The myth about “Eskimo” words for snow is more than half a century old. Where did it come from, and why does it refuse to die?
Eskimos have a thousand words for snow, or something, right?
You'll almost certainly have read a piece in which someone says "If the Inuit have 50 words for snow, surely Britons should have 50 words for 'rail replacement bus service'," or a joke along those lines. Here's one. Here's another, which claims that since Eskimos have X words for snow, the Japanese must have Y words for different kinds of porn. The trope is so common it's even got a name: "Snowclone". And it's false.
The myth that Eskimos or Inuit have some improbable number of words for snow (sometimes it's 50, sometimes it's as high as 400) is pervasive, but a myth nonetheless. In 1986, Laura Martin, a professor of modern languages at Cleveland State University, traced the origins of the claim back to a man called Franz Boas. In 1911, Boas wrote – as a throwaway line, illustrating a point about how languages resemble each other – that there are (as Martin paraphrases) "four lexically unrelated words for snow in Eskimo: aput 'snow on the ground', qana 'falling snow', piqsirpoq 'drifting snow', and qimuqsuq 'a snow drift'." Boas didn't make much effort to distinguish between words, roots of words, and other terms, Martin says.
An Inuit musher prepares his dog sled team in Igloolik, Canada. Christopher Wilson / Reuters
The myth began to take hold in the 1940s, when a man called Benjamin Whorf wrote about Eskimo vocabulary.
Whorf is a major – and majorly controversial – figure in the study of language. He's the man behind the largely debunked Sapir-Whorf hypothesis, also known as linguistic relativity, which says that the words we know dictate the thoughts we can have. His claim was that because Eskimos have extra words for snow, they are capable of thinking about snow in ways that we can't. He seems to have taken Boas's four vague examples, and in a 1940 Technology Review article called "Science and linguistics" he expanded upon them:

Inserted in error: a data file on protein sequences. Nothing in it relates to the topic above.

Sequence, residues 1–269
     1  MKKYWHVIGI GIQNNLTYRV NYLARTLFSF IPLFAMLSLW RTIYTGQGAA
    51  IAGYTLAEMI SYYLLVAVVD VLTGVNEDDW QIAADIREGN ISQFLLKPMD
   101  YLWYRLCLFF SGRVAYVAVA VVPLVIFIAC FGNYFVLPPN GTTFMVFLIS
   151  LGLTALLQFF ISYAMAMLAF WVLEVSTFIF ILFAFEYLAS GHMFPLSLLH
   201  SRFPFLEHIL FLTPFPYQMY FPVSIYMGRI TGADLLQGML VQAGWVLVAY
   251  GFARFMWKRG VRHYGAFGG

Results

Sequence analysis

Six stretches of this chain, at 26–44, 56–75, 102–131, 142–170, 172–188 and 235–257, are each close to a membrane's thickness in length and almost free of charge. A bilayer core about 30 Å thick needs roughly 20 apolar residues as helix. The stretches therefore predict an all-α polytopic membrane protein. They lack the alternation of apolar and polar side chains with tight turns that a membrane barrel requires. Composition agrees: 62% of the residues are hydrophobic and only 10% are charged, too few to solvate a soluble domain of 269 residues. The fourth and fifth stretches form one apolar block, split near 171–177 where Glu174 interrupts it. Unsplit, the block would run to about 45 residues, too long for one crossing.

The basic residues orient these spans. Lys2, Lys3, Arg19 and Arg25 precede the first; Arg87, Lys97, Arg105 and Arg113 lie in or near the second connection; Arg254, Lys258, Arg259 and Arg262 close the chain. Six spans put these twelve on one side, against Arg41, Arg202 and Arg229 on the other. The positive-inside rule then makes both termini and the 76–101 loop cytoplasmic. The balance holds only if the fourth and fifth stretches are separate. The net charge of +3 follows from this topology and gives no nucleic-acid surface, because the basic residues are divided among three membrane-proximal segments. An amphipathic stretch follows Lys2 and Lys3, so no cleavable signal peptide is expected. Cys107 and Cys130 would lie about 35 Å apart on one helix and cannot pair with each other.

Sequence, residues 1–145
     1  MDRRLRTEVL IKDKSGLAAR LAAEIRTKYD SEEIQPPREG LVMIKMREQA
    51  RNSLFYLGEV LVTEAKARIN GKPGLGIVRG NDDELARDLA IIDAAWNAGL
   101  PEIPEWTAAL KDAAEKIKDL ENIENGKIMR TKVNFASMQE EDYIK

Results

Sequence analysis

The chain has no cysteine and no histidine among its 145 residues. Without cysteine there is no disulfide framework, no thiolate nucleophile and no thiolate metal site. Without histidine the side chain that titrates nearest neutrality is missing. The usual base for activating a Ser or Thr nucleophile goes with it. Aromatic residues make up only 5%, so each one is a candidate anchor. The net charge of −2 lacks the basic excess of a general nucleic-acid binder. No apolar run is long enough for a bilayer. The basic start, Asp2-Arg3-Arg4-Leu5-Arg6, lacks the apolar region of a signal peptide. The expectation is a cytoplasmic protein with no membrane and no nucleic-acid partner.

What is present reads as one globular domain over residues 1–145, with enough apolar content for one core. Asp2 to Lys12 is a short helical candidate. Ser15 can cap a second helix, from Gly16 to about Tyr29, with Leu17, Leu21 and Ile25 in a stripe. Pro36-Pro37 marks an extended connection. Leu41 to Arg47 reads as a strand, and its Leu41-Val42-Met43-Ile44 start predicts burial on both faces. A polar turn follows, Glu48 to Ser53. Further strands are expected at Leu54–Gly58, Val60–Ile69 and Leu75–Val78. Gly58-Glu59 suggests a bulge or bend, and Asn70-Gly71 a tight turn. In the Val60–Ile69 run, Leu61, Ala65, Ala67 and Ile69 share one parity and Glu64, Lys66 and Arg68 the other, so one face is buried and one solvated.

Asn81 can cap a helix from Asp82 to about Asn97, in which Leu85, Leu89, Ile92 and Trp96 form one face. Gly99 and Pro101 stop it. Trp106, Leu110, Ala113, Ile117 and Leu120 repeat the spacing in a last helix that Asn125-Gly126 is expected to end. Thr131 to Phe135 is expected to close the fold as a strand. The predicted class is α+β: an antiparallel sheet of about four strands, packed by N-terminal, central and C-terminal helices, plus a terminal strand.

We have the same word for falling snow, snow on the ground, snow packed hard like ice, slushy snow, wind-driven flying snow – whatever the situation may be. To an Eskimo, this all-inclusive word would be almost unthinkable; he would say that falling snow, slushy snow, and so on, are sensuously and operationally different, different things to contend with; he uses different words for them and for other kinds of snow.
Whorf seemed to be saying there are a minimum of seven Eskimo words for snow (falling, on the ground, packed, slushy, wind-driven, and "other kinds", presumably at least two). And from there it exploded. Roger Brown's Words and Things claimed that there were exactly three Eskimo words for snow (based apparently on a drawing in Whorf's paper). Soon after that, the linguist Carol Eastman claimed "many". Academic textbooks started quoting it as fact. After that, the myth left textbooks and joined popular culture, mutating wildly as it did so. Martin points out that 1978 Lanford Wilson play The Fifth of July gives the number as 50. A New York Times editorial says 100. Pullum quotes another NYT piece a year later claiming "four dozen". From there, it's become just another factoid, something everybody knows, like the thing about tomatoes being fruit. But it's not true.
An inukshuk, or Inuit stone landmark, in Nunavut, Canada. Chris Wattie / Reuters